Despite defeats, the Islamic State remains unbroken and defiant around the world

Islamic State
In a series of bloody campaigns from 2014 to 2019, a multinational military coalition drove the Islamic State group, often known as ISIS, out of much of the Iraqi and Syrian territory that the strict militant theocracy had brutally governed. But the Pentagon and the United Nations both estimate that the group still has as many as 30,000 active insurgents in the region. Thousands more IS-aligned fighters are spread across Africa and Asia, from the...
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When will there be a coronavirus vaccine? 5 questions answered

Coronaviruses
Editor's note: The coronavirus that started in Wuhan has sickened more than 7,000 people and killed at least 170 in China as of Jan. 30, 2020. Thailand and Hong Kong each have reported eight confirmed cases, and five people in the U.S. have been diagnosed with the illness. People are hoping for a vaccine to slow the spread of the disease. Is there a vaccine under development for the coronavirus? Work has begun at multiple organizations, including...
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Atmospheric river storms can drive costly flooding – and climate change is making them stronger

Atmospheric River
Ask people to name the world's largest river, and most will probably guess that it's the Amazon, the Nile or the Mississippi. In fact, some of Earth's largest rivers are in the sky – and they can produce powerful storms, like those currently soaking the Pacific Northwest. Atmospheric rivers are long, narrow bands of moisture in the atmosphere that extend from the tropics to higher latitudes. These rivers in the sky can transport 15 times the volu...
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Nile Basin states must build a flexible treaty. Here’s how

Nile River
Ethiopia, Sudan and Egypt are a step closer to resolving their disputes over the filling and operation of the Grand Ethiopian Renaissance Dam. The dam – a huge project on one of the River Nile's main tributaries, the Blue Nile in Ethiopia – is designed to generate 6,000 megawatts of electricity. Its reservoir can hold more than 70 billion cubic metres of water. That's nearly equal to half of the Nile's annual flow. Filling the immense reservoir w...
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Bushfires: can ecosystems recover from such dramatic losses of biodiversity?

© CSIRO
The sheer scale and intensity of the Australian bushfire crisis have led to apocalyptic scenes making the front pages of newspapers the world over. An estimated 10 million hectares (100,000 sq km) of land have burned since 1 July 2019. At least 28 people have died. And over a billion animals are estimated to have been killed to date. Of course, the actual toll will be much higher if major animal groups, such as insects, are included in these esti...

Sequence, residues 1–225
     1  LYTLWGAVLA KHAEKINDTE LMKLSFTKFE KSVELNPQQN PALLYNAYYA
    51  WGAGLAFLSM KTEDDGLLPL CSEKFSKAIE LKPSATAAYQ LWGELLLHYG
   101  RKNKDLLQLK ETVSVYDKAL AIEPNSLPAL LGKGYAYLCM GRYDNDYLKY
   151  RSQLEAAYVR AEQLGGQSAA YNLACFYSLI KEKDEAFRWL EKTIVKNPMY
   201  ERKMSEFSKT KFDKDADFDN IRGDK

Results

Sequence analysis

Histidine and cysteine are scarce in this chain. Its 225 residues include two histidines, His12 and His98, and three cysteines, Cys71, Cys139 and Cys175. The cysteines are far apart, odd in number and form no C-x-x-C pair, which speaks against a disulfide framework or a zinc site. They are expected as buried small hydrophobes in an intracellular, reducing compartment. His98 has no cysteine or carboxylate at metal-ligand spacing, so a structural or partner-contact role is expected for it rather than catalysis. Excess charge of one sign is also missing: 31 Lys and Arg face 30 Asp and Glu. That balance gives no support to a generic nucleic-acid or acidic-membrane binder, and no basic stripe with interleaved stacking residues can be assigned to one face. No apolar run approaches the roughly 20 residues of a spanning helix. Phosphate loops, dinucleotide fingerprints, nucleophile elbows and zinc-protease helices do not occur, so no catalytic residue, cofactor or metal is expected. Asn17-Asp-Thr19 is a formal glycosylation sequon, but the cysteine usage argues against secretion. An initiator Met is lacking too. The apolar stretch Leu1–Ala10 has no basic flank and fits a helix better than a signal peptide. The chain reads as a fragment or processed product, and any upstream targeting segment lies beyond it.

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China’s ‘sponge cities’ aim to re-use 70% of rainwater – here’s how

sponge-city
Asian cities are struggling to accommodate rapid urban migration, and development is encroaching on flood-prone areas. Recent flooding in Mumbai was blamed in part on unregulated developmentof wetlands, while hastily built urban areas are being affected by flooding across India, Nepal, and Bangladesh. This is not a trend only in developing countries; floods in Houston, USA, highlighted the risks of development in environmentally sensitive and low...
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Screen time: Conclusions about the effects of digital media are often incomplete, irrelevant or wrong

Screen Time
There's a lot of talk about digital media. Increasing screen time has created worries about media's impacts on democracy, addiction, depression, relationships, learning, health, privacy and much more. The effects are frequently assumed to be huge, even apocalyptic. Scientific data, however, often fail to confirm what seems true based on everyday experiences. In study after study, screen time is often not correlated with important effects at a mag...
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Why we’re involved in a project in Africa to promote edible insects

Edible Insects
There is a wealth of indigenous knowledge about capturing and eating insects in sub-Saharan Africa. But the development of edible insects as a food industry has been very slow, despite its many potential benefits. Sustainability is one. Insects have a small carbon and water footprint. Studies show that insect farming emits less carbon and methane gas than large livestock like cattle and pigs. Much less water is needed to produce the same amount o...
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Wildlife are exposed to more pollution than previously thought

Wilderness
Sometimes, pollution is blatantly obvious: the iridescent slick of an oil spill, goopy algae washing up on a beach or black smoke belching from a smokestack. But, more often than not, pollution is more inconspicuous. Our air, water, land and wildlife are tainted with thousands of chemicals that we cannot see, smell or touch. It may not come as a surprise then, that this unnoticed pollution isn't considered the important threat to wildlife that it...
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Climate crisis could reverse progress in achieving gender equality

Women Carry Cotton
People who directly depend on the natural world for their livelihoods, like farmers and fishers, will be among the greatest victims of the climate crisis. In vulnerable hotspots, such as the arid lands of Kenya and Ethiopia, farming communities are already struggling with droughts and water scarcity that kill their cattle and threaten their very survival. The glacial-fed river basins of the Himalayan mountains, or the deltas of Bangladesh, India ...
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